After all the swag and hot beatz and rockin' dudes on the Grammys last night, it was strange to jump right into a whopping two-hour episode of Downton Abbey, but they made it worth our time, didn't they? It was probably the strongest stuff of this kinda dour, kinda dull season, with lots of social intrigue and mannerly discussion of the mechanics of Downton. That might sound dull on paper, but those glimpses into a meticulously ordered and foreign world are what made the show so exciting to begin with. So it was great that last night's episode focused on that quite literally domestic drama, rather than slopping death and prison and other heavy stuff on top of it. Though, of course, it was a pretty dramatic episode nonetheless.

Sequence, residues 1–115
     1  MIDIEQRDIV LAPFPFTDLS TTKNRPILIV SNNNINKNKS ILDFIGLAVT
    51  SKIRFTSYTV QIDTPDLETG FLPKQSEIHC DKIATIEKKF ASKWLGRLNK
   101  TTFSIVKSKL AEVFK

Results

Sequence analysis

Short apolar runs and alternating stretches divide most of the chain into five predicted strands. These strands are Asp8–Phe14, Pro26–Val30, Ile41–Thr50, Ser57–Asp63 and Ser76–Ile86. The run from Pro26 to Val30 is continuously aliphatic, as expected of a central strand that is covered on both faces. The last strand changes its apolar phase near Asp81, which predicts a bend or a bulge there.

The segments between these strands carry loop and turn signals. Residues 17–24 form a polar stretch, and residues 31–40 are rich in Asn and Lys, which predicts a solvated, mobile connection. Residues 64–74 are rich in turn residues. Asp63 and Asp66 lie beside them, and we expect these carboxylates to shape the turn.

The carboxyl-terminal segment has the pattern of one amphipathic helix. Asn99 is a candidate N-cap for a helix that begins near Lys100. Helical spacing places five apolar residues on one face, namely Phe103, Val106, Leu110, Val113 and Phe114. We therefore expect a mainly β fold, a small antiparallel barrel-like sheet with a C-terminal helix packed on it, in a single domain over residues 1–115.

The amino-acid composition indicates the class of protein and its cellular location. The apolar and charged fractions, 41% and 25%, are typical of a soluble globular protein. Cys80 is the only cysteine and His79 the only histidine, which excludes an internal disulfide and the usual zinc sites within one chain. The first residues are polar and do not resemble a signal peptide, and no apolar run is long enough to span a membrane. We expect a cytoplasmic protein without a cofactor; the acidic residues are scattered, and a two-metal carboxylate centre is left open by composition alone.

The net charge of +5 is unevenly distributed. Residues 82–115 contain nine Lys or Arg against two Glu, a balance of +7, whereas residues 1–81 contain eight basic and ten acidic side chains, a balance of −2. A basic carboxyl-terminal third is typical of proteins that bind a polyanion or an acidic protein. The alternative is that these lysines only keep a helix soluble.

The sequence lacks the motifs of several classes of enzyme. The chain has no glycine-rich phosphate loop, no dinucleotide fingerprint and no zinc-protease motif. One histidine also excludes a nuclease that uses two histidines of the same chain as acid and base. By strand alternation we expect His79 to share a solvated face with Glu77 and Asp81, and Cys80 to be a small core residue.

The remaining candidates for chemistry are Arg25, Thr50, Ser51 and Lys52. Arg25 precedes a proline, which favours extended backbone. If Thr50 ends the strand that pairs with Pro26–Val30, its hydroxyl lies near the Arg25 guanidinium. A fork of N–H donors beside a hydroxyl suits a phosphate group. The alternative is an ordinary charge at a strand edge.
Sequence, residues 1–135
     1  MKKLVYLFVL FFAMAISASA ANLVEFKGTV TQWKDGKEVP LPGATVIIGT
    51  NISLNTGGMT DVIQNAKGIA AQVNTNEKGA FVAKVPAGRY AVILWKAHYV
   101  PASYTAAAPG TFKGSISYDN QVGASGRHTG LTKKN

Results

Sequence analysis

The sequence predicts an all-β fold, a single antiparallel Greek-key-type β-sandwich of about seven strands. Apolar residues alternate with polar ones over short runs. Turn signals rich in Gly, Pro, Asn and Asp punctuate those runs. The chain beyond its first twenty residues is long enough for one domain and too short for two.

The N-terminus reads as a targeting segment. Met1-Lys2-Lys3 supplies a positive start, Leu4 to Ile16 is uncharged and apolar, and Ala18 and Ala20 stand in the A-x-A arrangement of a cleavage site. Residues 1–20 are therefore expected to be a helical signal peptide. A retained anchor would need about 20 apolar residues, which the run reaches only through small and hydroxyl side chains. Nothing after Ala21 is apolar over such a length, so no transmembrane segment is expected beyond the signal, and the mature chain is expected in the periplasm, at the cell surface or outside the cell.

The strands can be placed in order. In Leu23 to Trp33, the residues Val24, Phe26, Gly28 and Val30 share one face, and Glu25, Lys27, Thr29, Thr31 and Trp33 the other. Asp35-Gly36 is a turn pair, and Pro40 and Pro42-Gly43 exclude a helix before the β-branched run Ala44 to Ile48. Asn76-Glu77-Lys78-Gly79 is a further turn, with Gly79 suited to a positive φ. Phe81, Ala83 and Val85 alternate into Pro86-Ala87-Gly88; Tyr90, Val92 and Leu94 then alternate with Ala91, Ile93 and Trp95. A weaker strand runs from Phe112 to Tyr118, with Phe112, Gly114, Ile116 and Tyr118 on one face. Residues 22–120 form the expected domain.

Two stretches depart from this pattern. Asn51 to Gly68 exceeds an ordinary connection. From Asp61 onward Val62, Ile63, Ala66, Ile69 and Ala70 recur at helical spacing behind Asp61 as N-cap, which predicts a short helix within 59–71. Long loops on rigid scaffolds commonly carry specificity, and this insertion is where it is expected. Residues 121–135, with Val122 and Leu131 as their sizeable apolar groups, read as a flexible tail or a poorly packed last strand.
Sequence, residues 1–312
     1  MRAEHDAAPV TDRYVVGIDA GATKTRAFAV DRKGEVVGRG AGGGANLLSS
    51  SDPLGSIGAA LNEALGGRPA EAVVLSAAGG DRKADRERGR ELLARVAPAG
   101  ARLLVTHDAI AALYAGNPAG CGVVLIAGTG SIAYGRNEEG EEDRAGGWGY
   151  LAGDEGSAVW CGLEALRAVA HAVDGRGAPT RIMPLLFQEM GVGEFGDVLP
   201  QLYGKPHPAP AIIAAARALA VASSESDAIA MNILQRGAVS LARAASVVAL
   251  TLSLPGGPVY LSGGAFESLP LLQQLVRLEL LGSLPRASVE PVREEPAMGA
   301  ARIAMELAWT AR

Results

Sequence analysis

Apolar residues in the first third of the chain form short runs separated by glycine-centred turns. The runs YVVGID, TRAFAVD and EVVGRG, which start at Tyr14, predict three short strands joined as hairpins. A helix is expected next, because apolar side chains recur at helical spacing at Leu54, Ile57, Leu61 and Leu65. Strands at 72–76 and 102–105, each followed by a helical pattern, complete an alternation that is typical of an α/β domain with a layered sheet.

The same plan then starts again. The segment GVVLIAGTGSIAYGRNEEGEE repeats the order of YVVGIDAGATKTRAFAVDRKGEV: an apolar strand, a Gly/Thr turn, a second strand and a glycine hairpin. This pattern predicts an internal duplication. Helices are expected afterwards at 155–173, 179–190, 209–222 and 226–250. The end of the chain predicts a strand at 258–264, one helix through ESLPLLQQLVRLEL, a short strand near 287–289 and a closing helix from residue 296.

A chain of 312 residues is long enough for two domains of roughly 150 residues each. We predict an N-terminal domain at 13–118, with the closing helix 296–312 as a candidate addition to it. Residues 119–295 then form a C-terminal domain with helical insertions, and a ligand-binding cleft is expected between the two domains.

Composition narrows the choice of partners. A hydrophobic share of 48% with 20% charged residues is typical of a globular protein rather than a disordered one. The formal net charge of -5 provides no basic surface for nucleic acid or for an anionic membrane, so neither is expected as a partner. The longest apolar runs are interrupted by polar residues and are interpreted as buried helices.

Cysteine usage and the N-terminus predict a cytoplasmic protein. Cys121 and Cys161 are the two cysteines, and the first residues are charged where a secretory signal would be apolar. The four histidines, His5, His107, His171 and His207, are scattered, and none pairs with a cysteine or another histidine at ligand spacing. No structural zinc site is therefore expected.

The star of the evening was poor Thomas, the snake with a soft underbelly who is forever unlucky in love. He's been smitten with Jimmy Kent since that handsome fellow's arrival, and last night began to think that he might get his chance. Of course he didn't really have one; his onetime scheming buddy O'Brien was feeding him false information, all part of a grand and terrifically cruel plan to bring Thomas down. I'm not sure I quite buy O'Brien being so scorched-earth about the thing — she was perfectly content to ruin a man's life and possibly get him imprisoned because that man goofed on her nephew a few times? Seems a bit extreme. But that was the plan, with O'Brien planting seeds of hope in Thomas's head and using her own nephew, poor gentle giant Alfred, as a pawn. Well, O'Brien couldn't have known that Alfred would discover Thomas kissing Jimmy in his darkened bedroom, which is what happened, but she ultimately played Alfred as well as she played anyone else. That terrifically uncomfortable scene, with Thomas leaning down to kiss Jimmy ever... so... slowly... while Alfred made his way up the stairs was a beautifully done bit of suspense, as ultimately sad and frustrating as it was.